Mental Health Problems
Suicide: More Common Than You Would Think
Thinking about suicide is more common than you would think. Suicide is the 11th leading cause of death for people of all ages, and the third leading cause of death for young people ages 15-24. Even younger children think about suicide.
When someone considers suicide, life has become so overwhelming that it seems hopeless. If someone has made a previous suicide attempt, they are at increased risk for suicide. People with depression or other mental health problems or who suffer from alcohol or drug use are also at increased risk for suicide.
Looking for Suicide Prevention?
Signs You Need Help
Listed below are some of the most common warning signs for suicide. However, this is not meant to be an inclusive list; some people may show signs not listed below.
- Threatening to hurt or kill oneself or talking about wanting to hurt or kill oneself
- Giving away possessions
- Looking for ways to kill oneself by seeking access to firearms, available pills, or other means
- Talking or writing about death, dying or suicide when these actions are out of the ordinary for the person
- Feeling hopeless
- Feeling rage or uncontrolled anger or seeking revenge
- Acting reckless or engaging in risky activities- seemingly without thinking
- Feeling trapped – like there’s no way out
- Increasing alcohol or drug use
- Withdrawing from friends, family and society
- Feeling anxious, agitated, or unable to sleep or sleeping all the time
- Experiencing dramatic mood changes
- Seeing no reason for living or having no purpose in life
HOW YOU CAN HELP If you suspect someone is at risk of suicide, ask the following questions: Are you thinking of killing yourself? Do you have a plan to kill yourself? If you suspect someone is at risk of harming himself or herself, make sure the person is not alone and seek professional help IMMEDIATELY. Call 911 or take the person to the nearest hospital emergency department. Red Nacional de Prevención del Suicidio Cuando usted llama al número 1-888-628-9454, su llamada se dirige al centro de ayuda de nuestra red disponible más cercano. Cuando el centro contesta su llamada, usted estará hablando con una persona que le escuchará, le hará preguntas y hará todo lo que esté a su alcance para ayudarlo. Para información en español haga clic aquí. For Hearing and Speech Impaired with TTY Equipment: 1-800-799-4TTY (4889)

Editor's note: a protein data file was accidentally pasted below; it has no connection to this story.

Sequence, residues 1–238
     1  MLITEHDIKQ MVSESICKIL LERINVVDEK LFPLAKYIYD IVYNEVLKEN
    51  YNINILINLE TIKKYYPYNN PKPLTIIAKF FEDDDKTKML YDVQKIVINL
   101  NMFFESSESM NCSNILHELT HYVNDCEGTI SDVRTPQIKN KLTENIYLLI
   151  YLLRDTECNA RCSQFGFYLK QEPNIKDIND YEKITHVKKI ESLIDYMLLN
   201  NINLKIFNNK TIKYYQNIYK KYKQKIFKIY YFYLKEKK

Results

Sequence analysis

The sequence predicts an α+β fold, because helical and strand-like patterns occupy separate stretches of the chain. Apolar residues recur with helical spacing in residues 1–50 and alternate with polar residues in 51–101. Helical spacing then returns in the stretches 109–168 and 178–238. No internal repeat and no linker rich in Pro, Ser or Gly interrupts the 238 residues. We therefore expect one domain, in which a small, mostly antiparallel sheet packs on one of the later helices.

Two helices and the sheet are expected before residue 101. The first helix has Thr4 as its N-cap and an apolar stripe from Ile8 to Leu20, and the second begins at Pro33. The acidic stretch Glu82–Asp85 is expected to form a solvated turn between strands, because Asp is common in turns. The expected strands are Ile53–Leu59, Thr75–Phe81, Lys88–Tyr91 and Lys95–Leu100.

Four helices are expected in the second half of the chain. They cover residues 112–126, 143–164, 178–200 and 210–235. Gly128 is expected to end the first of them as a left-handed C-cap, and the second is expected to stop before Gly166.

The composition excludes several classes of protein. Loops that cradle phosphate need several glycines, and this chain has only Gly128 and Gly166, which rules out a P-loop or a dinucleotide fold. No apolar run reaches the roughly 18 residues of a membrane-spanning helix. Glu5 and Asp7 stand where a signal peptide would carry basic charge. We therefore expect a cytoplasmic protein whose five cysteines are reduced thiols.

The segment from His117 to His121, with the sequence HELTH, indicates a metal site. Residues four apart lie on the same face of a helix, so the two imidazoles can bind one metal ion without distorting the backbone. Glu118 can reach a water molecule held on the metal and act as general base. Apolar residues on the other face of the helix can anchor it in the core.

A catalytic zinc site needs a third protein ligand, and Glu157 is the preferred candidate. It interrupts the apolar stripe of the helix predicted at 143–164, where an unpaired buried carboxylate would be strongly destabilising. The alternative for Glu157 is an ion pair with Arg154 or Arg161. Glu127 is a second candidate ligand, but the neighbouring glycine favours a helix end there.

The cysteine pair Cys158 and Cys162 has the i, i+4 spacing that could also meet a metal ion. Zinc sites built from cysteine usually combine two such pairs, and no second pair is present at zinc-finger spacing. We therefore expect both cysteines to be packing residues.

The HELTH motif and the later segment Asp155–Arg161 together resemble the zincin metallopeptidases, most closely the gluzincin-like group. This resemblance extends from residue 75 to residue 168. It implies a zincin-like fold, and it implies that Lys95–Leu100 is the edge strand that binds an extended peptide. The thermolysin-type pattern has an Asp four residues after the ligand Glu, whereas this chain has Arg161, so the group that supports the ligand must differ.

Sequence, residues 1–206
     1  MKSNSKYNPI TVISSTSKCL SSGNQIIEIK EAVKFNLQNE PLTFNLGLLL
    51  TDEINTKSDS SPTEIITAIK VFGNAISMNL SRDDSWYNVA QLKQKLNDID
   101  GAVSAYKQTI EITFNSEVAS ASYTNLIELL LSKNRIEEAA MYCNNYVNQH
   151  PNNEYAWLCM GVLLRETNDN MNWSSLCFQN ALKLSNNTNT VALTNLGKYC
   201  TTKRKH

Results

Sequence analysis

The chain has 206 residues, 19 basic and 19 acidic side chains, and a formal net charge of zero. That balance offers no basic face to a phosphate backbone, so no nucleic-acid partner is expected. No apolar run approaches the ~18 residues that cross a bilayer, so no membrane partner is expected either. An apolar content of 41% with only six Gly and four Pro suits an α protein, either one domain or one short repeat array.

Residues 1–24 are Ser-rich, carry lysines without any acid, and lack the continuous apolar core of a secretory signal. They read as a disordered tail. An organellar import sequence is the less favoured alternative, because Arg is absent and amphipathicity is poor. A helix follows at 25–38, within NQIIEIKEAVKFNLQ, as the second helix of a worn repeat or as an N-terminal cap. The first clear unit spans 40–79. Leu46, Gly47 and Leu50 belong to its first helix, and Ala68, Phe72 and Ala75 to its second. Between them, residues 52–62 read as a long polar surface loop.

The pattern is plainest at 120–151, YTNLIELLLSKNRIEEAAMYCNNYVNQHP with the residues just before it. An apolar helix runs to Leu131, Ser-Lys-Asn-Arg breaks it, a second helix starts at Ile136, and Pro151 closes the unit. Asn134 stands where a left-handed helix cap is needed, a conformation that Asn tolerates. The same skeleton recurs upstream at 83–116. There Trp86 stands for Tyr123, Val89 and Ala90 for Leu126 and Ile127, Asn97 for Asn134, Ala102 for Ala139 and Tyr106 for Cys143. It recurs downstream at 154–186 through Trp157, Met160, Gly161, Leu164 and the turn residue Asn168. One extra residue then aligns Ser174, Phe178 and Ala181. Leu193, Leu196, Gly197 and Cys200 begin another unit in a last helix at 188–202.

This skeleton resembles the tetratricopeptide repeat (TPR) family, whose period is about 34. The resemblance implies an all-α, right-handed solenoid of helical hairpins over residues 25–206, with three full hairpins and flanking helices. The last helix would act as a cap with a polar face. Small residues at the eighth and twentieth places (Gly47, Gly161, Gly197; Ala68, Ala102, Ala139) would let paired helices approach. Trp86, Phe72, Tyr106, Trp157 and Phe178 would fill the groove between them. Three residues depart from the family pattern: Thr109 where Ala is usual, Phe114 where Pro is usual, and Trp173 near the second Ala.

I AM IN CRISIS. HOW DO I GET HELP?
If you or someone else is in a life-threatening crisis, please call 911 or go to your nearest hospital emergency room immediately.
If this is a non-life-threatening emergency, C4 operates a crisis line 24/7 for adults, adolescents and children who are experiencing psychiatric emergencies.
Call the C4 Crisis Line at 773.769.0205 and ask to speak to a crisis worker. You can also call the National Suicide Prevention Hotline at 1-800-273-TALK (8255)
Red Nacional de Prevención del Suicidio
Cuando usted llama al número 1-888-628-9454, su llamada se dirige al centro de ayuda de nuestra red disponible más cercano. Cuando el centro contesta su llamada, usted estará hablando con una persona que le escuchará, le hará preguntas y hará todo lo que esté a su alcance para ayudarlo. Para información en español haga clic aquí.
WHAT HAPPENS AFTER MY IMMEDIATE CRISIS IS OVER?
C4 will offer counseling or referrals to help treat the underlying mental health problems, such as depression or substance use.
The following sites offer more information on suicide prevention.